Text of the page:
In what may be the first in a series of toppling dominos, yesterday Twitter informed their employees that they'll be allowed to continue working from home even when the pandemic subsides. And yes, this appears to be a permanent change. "I do think," Twitter human resources head Jennifer Christie told BuzzFeed, "we won't go back."
At first this doesn't sound like much, but if a majority of companies were to do this, think of how that would affect the economy. The average commuter probably picks up a cup of coffee or a snack on the way in. If they're driving, they'll occasionally stop for gas and maybe buy something else. If taking mass transit, they buy a pass. If bicycling, they pay to maintain a bicycle. They go out for lunch. They take Starbucks breaks. They pick up dry cleaning on the way home.
The person working the morning coffee stand, the gas station clerk, the factory worker at the snack-making company, the bus driver, the bike shop employee, the sandwich joint clerk, the barista, the dry cleaner; all of those people draw wages--as long as there's a need for them. It's a little harder to be sympathetic for commercial real estate tycoons that would suffer from unrented office space, but those people earn money and spend it too, stimulating the economy.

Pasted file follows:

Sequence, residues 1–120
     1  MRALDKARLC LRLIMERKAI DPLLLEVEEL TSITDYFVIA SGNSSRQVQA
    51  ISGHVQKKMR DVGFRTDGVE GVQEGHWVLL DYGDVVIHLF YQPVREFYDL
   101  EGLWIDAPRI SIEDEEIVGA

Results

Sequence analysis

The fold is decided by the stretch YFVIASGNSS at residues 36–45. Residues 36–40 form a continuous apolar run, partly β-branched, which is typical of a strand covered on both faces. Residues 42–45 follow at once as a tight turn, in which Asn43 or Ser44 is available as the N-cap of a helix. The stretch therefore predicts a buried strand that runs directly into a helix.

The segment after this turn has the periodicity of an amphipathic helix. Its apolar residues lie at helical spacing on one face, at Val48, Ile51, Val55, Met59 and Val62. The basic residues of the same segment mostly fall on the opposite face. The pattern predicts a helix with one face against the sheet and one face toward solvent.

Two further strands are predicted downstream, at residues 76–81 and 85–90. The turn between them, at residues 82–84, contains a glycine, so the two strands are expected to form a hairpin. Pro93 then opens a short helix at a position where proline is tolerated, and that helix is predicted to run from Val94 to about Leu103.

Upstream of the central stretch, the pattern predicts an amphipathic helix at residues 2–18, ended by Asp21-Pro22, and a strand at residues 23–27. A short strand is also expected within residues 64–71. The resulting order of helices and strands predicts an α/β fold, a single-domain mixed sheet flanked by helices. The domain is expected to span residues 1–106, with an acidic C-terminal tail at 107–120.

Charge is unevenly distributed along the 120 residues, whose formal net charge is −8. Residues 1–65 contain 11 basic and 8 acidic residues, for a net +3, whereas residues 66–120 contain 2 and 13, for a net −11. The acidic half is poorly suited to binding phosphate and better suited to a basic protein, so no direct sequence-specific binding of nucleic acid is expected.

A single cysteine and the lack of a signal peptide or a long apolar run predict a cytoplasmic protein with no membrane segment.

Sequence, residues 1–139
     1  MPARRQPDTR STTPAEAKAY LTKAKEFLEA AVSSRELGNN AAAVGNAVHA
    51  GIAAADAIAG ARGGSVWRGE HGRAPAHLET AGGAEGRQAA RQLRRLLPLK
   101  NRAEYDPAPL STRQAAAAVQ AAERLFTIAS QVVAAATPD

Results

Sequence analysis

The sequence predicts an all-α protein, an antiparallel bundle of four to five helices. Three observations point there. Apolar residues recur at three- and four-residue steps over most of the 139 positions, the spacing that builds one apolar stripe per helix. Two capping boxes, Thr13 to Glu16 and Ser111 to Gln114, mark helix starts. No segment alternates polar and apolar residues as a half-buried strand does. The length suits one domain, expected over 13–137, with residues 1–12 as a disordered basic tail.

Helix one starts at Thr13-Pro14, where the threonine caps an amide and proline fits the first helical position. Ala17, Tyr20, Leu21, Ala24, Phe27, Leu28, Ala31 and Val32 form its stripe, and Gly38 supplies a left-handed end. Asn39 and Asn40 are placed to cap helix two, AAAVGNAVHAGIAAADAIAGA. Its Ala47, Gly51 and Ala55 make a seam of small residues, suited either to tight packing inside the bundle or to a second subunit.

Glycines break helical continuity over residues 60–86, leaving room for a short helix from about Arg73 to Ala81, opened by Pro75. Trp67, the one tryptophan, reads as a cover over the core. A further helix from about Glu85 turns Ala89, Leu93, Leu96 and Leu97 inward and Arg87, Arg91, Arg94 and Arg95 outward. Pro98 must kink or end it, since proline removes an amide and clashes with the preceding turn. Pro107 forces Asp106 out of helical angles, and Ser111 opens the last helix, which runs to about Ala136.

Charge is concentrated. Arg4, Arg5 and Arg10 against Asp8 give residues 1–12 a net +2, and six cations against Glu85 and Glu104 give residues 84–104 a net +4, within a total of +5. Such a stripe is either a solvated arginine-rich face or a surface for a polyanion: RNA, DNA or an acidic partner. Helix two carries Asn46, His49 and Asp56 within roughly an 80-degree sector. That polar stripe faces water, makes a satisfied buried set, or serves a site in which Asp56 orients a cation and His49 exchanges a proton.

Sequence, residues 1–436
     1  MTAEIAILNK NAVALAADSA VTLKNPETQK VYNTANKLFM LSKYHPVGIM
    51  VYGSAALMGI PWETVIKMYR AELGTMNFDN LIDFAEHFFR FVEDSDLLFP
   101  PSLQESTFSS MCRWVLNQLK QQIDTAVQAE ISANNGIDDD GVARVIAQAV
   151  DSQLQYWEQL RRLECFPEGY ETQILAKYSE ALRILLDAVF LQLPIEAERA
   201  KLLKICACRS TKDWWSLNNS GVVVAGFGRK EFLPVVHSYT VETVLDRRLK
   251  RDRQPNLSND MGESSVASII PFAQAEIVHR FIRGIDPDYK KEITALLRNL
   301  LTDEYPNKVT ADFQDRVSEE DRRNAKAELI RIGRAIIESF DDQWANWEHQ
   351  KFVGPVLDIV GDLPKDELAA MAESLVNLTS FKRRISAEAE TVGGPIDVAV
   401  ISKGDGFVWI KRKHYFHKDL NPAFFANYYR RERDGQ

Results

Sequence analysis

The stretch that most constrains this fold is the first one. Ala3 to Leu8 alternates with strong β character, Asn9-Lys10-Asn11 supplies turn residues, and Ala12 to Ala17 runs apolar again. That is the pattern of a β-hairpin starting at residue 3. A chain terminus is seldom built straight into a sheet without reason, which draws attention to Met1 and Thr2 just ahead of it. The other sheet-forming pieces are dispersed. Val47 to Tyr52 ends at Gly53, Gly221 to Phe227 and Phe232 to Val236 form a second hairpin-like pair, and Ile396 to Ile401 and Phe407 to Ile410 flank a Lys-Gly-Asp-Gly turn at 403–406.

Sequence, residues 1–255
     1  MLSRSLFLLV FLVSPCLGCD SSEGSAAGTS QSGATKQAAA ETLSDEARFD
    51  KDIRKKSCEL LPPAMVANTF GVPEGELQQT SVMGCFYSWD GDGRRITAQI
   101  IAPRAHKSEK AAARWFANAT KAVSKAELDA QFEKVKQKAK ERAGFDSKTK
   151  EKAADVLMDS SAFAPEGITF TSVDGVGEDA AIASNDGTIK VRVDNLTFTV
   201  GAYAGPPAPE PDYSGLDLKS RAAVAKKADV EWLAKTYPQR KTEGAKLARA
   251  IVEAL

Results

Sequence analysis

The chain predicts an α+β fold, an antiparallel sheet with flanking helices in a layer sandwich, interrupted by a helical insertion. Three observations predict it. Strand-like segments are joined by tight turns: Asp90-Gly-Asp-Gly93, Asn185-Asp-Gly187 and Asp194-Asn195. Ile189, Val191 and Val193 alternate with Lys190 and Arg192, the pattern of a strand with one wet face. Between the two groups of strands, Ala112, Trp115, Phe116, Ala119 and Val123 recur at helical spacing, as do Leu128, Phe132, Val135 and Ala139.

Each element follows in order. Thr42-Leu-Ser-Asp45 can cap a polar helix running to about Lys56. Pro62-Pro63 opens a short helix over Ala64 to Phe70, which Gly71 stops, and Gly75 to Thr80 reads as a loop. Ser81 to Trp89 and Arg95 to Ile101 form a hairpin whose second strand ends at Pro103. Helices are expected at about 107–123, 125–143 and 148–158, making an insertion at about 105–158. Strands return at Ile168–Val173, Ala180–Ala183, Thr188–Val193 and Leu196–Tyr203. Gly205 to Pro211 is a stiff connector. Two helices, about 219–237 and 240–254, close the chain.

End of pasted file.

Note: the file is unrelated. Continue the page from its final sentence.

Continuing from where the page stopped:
Every economic crisis forces both individuals and companies to cut costs, and often they learn that they can permanently do away with what were previously considered necessities. That's great for them and their budgets, and not so great for the people who provide the once-necessities.
And while whiteboard demand would certainly go down, it appears office supply manufacturers will stick around for a bit. As part of the WFH deal, Twitter says every employee will be given a $1,000 budget for home office supplies.
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